It Shouldn’t Be In The Dee

‘Create a community-led approach to eliminate sources of pollution’

Pollution is one of the major environmental problems facing the River Dee. It has many sources and pathways making it a challenging problem which we are unable to solve alone. ‘It Shouldn’t be in the Dee’ raises awareness of pollution and its damage. We are working with newly engaged communities to find and eliminate the sources of pollution. Through this approach, we believe we can exponentially grow the number of people working towards a clean River Dee.

Since the launch of our 2023 strategy we have achieved:


Litter picks
Education events held
Active citizen scientists

Litter picks

We organise group litter picks both on and off the water around waterways in the River Dee catchment. Please get in touch with us if you know of a litter hotspot that needs tackling or would like support to lead your own litter pick.

Education events

We are passionate about raising awareness of pollution in the River Dee catchment with the public and sharing ideas of how individuals and groups can act to help improve our waterways. We are involved with various outreach and engagement activities, from public talks and events to school visits.

Please contact us if you would like us to give a talk to your group.

Citizen science pollution monitoring

Using rapid test strips, citizen scientists are measuring phosphate (PO4) which occurs naturally within river ecosystems in very low levels under 50 ppb (parts per billion). Higher levels of phosphate can be a good indicator of pollution, as the nutrient is found in animal and human waste, cleaning chemicals, industrial runoff and fertiliser.

High phosphate levels can cause eutrophication (excessive growth of algae due to high levels of nutrients), which then affects water quality, damages plants and animals and stops us using the water. At 100 ppb the water is polluted at levels that will be damaging to wildlife. These waters will still have some wildlife – but they won’t have the wonderful richness of life, or rare species that live in clean water. From 200-500 ppb (high levels) or 1000-2500 ppb (very high levels), even tougher species sometimes find it hard to make a home.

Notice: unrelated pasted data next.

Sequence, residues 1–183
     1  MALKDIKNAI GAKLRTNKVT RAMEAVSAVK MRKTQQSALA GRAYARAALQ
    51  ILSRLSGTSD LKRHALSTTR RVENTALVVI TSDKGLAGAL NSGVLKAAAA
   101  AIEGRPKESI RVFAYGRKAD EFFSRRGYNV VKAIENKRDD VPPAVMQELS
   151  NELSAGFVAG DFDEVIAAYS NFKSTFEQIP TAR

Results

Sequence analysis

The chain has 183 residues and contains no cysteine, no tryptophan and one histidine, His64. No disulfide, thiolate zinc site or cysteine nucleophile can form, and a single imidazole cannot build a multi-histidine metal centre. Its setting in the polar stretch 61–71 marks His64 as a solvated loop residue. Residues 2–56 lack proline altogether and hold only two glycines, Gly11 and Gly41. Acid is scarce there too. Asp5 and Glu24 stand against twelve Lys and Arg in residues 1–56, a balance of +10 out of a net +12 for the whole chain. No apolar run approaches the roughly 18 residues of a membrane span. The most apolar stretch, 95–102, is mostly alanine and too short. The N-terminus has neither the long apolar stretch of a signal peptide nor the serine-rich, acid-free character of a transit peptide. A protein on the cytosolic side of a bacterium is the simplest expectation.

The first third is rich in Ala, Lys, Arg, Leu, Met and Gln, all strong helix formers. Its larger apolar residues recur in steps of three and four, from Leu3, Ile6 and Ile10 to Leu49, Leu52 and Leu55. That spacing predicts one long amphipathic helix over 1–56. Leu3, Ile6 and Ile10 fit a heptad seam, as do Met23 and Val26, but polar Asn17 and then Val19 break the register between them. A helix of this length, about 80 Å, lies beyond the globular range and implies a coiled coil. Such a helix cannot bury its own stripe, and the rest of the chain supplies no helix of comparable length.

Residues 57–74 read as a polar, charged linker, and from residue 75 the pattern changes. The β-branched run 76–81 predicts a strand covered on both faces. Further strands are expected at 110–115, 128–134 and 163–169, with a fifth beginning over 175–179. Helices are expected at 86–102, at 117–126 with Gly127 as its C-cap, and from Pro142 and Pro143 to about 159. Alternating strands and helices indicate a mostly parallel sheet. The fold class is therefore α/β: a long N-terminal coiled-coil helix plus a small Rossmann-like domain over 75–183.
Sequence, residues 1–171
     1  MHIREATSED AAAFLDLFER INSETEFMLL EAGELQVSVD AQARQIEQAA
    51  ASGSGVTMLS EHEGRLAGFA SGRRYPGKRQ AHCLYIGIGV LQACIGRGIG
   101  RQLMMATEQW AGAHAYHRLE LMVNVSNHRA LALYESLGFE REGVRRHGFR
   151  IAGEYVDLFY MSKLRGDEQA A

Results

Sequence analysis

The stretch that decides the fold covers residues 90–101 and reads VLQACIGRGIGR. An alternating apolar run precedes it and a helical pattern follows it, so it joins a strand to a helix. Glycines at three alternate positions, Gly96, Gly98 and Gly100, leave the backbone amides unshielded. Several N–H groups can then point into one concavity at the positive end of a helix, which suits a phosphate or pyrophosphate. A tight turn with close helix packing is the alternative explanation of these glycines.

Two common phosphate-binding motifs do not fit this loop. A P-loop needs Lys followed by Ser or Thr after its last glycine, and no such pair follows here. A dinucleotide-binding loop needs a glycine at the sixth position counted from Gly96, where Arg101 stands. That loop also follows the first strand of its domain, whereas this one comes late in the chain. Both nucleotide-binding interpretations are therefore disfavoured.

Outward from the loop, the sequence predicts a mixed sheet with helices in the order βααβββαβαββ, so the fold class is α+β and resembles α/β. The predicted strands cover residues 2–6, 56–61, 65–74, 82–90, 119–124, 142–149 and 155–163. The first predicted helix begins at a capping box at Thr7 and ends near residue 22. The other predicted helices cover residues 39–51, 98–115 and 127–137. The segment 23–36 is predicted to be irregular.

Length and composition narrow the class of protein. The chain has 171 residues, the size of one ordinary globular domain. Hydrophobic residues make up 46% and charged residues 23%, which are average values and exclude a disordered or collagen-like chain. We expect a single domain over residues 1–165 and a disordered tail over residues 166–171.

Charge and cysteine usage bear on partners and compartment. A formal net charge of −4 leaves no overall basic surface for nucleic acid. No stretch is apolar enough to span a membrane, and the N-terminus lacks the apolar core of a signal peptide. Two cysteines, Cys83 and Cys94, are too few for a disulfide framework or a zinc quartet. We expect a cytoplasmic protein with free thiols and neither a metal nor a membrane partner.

Data gathered is being used to identify degraded waterbodies, spot pollution events and target our work to eliminate pollutants entering the Dee. Each point on the map is a single survey carried out by a citizen scientist. High levels of phosphate at a particular point doesn’t necessarily mean that the pollution source is at that location – the source could be anywhere upstream of that point.

New report on Phosphorus pollution in the river Dee

Welsh Dee Trust has released a new report focused on Phosphorus pollution in the River Dee. The report aims to clearly explain the Welsh Dee Trust’s knowledge and understanding of the sources and pathways of phosphorus into the river Dee and highlight the work the Welsh Dee Trust is undertaking to tackle the issue.

Phosphorus is an essential nutrient for plant growth; however, excessive phosphorus levels in aquatic systems can lead to harmful algal blooms and other ecological imbalances. These blooms can deplete oxygen levels in water, posing a threat to aquatic life and biodiversity. Currently, the Dee and Llyn Tegid Area of Conservation is failing its targets for phosphorus pollution, damaging the river’s ecology and halting local governments from providing planning permission for development.

The report follows a webinar on the same topic which can be viewed here: https://www.youtube.com/watch?v=F3Eav8TlSLU&t=2s